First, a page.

The global economy will receive a $ 12 trillion impact from the coronavirus, says the IMF | Deal

The International Monetary Fund has said the world economy will take a hit of $ 12 trillion (£ 9.6 trillion) from the Covid-19 pandemic after cutting its already bleak growth projections for the UK and other developed countries in 2020.

The IMF said it would take two years for world output to return to levels by the end of 2019, and warned that governments must be cautious about cutting financial support for their fragile economies.

In a forecast update released in April, the Washington-based IMF said it now expected the world economy to contract by 4.9% this year, compared to a 3% drop expected in the spring.

“The Covid-19 pandemic pushed economies into a Great Blockade, which helped contain the virus and save lives, but also triggered the worst recession since the Great Depression,” said IMF economic adviser Gita Gopinath. She added that there would be a drop in living standards for 95% of the countries this year.

The revised version of World Economic Outlook said the shutdown had caused a “catastrophic blow” to the global job market, adding that rising stock prices were out of place with the deepest recession of the era of the postwar period.

Each of the G7 industrial nations and major developing nations has had its growth forecast revised, in what the IMF described as a “crisis like no other.”

The nearly 5% drop in global output this year will be much deeper than the 0.1% drop recorded in 2009, after the near-global banking system crisis the previous fall. The IMF had already forecast 2020 as the worst year for global growth since the Great Depression of the 1930s.

The UK economy was on track to contract 10.2% in 2020, the Fund said. In April, using data collected before the severity of Britain’s closure was known, the IMF had thought the UK would contract by 6.5% this year. France and Italy are also expected to post double-digit declines in activity of 12.5% ​​and 12.8% respectively.

The IMF said the coronavirus pandemic had been more negative for activity in the first half of 2020 than expected and that recovery is also expected to be slower. World growth is forecast to be 5.4% in 2021, up from 5.8%.

He said the forecasts were subject to an even greater amount of uncertainty than usual and were based on some key assumptions about the consequences of the pandemic: physical distancing that persists in the second half of 2020, long-term healing of damage greater than anticipated caused by the shutdown and a blow to productivity as surviving companies increased safety and hygiene practices in the workplace.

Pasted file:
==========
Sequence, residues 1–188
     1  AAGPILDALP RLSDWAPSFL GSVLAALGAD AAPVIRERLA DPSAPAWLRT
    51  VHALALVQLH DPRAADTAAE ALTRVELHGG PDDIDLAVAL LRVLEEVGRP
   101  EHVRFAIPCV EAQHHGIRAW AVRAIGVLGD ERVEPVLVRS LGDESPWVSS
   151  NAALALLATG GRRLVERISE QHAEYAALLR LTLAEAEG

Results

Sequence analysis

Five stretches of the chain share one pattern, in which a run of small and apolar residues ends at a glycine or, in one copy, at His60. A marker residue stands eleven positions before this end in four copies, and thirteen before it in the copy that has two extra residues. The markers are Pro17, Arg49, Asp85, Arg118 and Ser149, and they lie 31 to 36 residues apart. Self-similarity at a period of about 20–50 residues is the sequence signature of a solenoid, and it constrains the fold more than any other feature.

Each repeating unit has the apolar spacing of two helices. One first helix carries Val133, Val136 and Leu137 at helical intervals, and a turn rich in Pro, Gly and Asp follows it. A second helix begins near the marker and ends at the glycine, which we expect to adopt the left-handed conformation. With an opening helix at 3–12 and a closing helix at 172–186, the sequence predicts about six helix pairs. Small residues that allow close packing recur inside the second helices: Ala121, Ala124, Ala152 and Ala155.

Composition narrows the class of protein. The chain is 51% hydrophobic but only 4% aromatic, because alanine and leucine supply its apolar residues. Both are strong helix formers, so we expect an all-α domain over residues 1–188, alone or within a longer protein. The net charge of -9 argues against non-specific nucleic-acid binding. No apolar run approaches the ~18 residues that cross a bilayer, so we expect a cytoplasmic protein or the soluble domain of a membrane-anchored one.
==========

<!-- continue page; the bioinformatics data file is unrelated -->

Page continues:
The IMF said it was also assuming that financial conditions, which have eased since spring, generally remained at current levels. “Alternative results to those of the baseline are clearly possible, and not only because of the evolution of the pandemic. The extent of the recent uptick in financial market sentiment appears disconnected from changes in the underlying economic outlook, raising the possibility that financial conditions will tighten more than is assumed at baseline. “

The IMF advised all countries, including those that had apparently exceeded spikes in infection, to ensure that their health systems were adequately resourced, and called on developed countries to ensure that poorer nations have access to adequate doses and Affordable vaccines when available.

“When blockades are required, economic policy must continue to cushion household income losses with considerable and well-targeted measures, as well as provide support to companies that suffer the consequences of mandatory restrictions on activity. In cases where economies reopen, targeted support should be gradually rolled out as recovery begins and policies should provide a stimulus to boost demand and alleviate and incentivize the reallocation of resources outside of sectors likely to emerge. constantly smaller after the pandemic. “

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The IMF said that strong multilateral cooperation remains vital to mitigate the impact of the pandemic on the world’s poor. Progress made in reducing extreme poverty since 1990 was at risk.

“Beyond the pandemic, policymakers must cooperate to resolve trade and technological tensions that jeopardize an eventual recovery from the Covid-19 crisis,” the fund said.

Noting the record drop in greenhouse gas emissions during the pandemic, the IMF said policymakers should implement their climate change mitigation commitments and work together to scale up equitably designed carbon taxes or equivalent schemes .